The array disable unit 38 is operative for disabling the entire main memory array 22 whenever a row of the redundant memory array 26 is being enabled. Alternatively, the array disable unit 38 can disable a single row of the main memory array 22, a subrow, or even a single memory location of the main memory array 22.

FIG. 3 is a block diagram illustrating one embodiment of a fuse array 32 in accordance with the present invention. As illustrated, the fuse array 32 includes a plurality of fuse circuits 42A-42H connected in parallel to a parallel output bus 44. Each fuse circuit 42A-42H is capable of storing a single bit of data in both volatile and nonvolatile form. During the programming of the fuse array 32, the fuse control unit 30 delivers complementary input enable signals to the fuse array 32 over the enable input lines, fuseent and fuseenc. Each individual fuse circuit 42A-42H receives the input enable signals and is thereafter enabled for the receipt of a data bit. The fuse control unit 30 then delivers a redundant row enable bit to the fuse array 32 over the fuseinc input line, for storage in the first fuse circuit 42A. Address data from the address bus 14 is then transferred to the fuse array 32 via the address lines ar<0:6>for storage in the other fuse circuits 42B-42H. Each fuse circuit 42B-42H receives one address bit of the address data and stores the bit for later use.

FIG. 4 is a schematic diagram illustrating a fuse circuit 42 in accordance with one embodiment of the present invention. The fuse circuit 42 includes: an nvSRAM cell 52, fuse input circuitry 54, fuse output circuitry 56, and fuse recall circuitry 58. The nvSRAM cell 52 includes both a volatile portion 64 and a nonvolatile portion 66. Data stored in the volatile portion 64 of the cell 52 will be lost if power is removed from the memory device 10, while data stored in the nonvolatile portion 66 of the cell 52 will be retained if power is removed. The fuse input circuitry 54 is operative for inputting a bit of data to the nvSRAM cell 52 during, for example, a programming procedure. The fuse output circuitry 56 is operative for latching a bit of data, currently stored in the volatile portion 64 of the nvSRAM cell 52, and transferring the bit of data to a corresponding comparator unit 34 via parallel output bus 44. The fuse recall circuitry 58 is operative for facilitating the recall of a data bit stored in the nonvolatile portion 66 of the cell into the volatile portion 64 of the cell 52 and for reducing the power consumed by the fuse circuit 42 during periods when a recall operation is not being performed.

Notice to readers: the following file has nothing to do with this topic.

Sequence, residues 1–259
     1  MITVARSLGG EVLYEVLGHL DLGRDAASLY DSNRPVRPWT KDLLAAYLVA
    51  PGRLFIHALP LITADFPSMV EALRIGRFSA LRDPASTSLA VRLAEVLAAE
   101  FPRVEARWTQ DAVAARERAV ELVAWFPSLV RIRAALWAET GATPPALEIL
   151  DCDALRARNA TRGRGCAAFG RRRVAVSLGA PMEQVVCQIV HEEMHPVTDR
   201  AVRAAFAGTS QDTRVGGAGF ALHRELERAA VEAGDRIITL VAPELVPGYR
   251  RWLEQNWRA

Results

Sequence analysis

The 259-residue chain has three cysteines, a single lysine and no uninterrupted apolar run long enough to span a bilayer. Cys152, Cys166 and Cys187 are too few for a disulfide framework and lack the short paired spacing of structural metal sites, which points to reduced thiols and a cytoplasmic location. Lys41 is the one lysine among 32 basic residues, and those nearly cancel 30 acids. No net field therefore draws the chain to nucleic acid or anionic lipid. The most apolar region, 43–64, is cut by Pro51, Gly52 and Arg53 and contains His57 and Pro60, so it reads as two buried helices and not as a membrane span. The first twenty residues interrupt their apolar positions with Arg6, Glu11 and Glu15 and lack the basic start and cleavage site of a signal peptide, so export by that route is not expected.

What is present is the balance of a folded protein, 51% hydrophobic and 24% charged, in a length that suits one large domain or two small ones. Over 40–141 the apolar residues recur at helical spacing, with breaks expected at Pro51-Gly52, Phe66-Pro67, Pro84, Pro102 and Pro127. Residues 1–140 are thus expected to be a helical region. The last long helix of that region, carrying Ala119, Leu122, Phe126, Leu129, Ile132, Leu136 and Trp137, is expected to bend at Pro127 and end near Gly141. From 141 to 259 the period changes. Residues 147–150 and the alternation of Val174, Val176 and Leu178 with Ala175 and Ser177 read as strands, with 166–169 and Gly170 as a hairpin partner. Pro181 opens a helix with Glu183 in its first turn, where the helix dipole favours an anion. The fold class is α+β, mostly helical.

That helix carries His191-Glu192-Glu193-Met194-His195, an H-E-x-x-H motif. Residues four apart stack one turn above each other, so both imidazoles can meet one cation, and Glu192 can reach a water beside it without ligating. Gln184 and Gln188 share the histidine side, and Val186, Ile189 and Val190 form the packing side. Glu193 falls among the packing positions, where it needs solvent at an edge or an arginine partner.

FIG. 5 is an expanded view of the nvSRAM cell 52 of FIG. 4. As discussed above, the nvSRAM cell has a volatile portion 64 and a nonvolatile portion 66. As will be described in more detail, a data bit stored in the volatile portion 64 can be transferred to the nonvolatile portion 66 by performing a store operation. Similarly, a data bit stored in the nonvolatile portion 66 can be transferred to the volatile portion 64 by performing a recall operation. During the operation of the redundancy circuitry of FIG. 1, the address information must be located in the volatile portion 64 of the nvSRAM cell 52 for the required comparisons to take place. Therefore, if system power is removed and then replaced, such as when an associated computer system is turned off and then turned on again, a recall operation has to be performed to transfer the address information from the nonvolatile portion 66 to the volatile portion 64.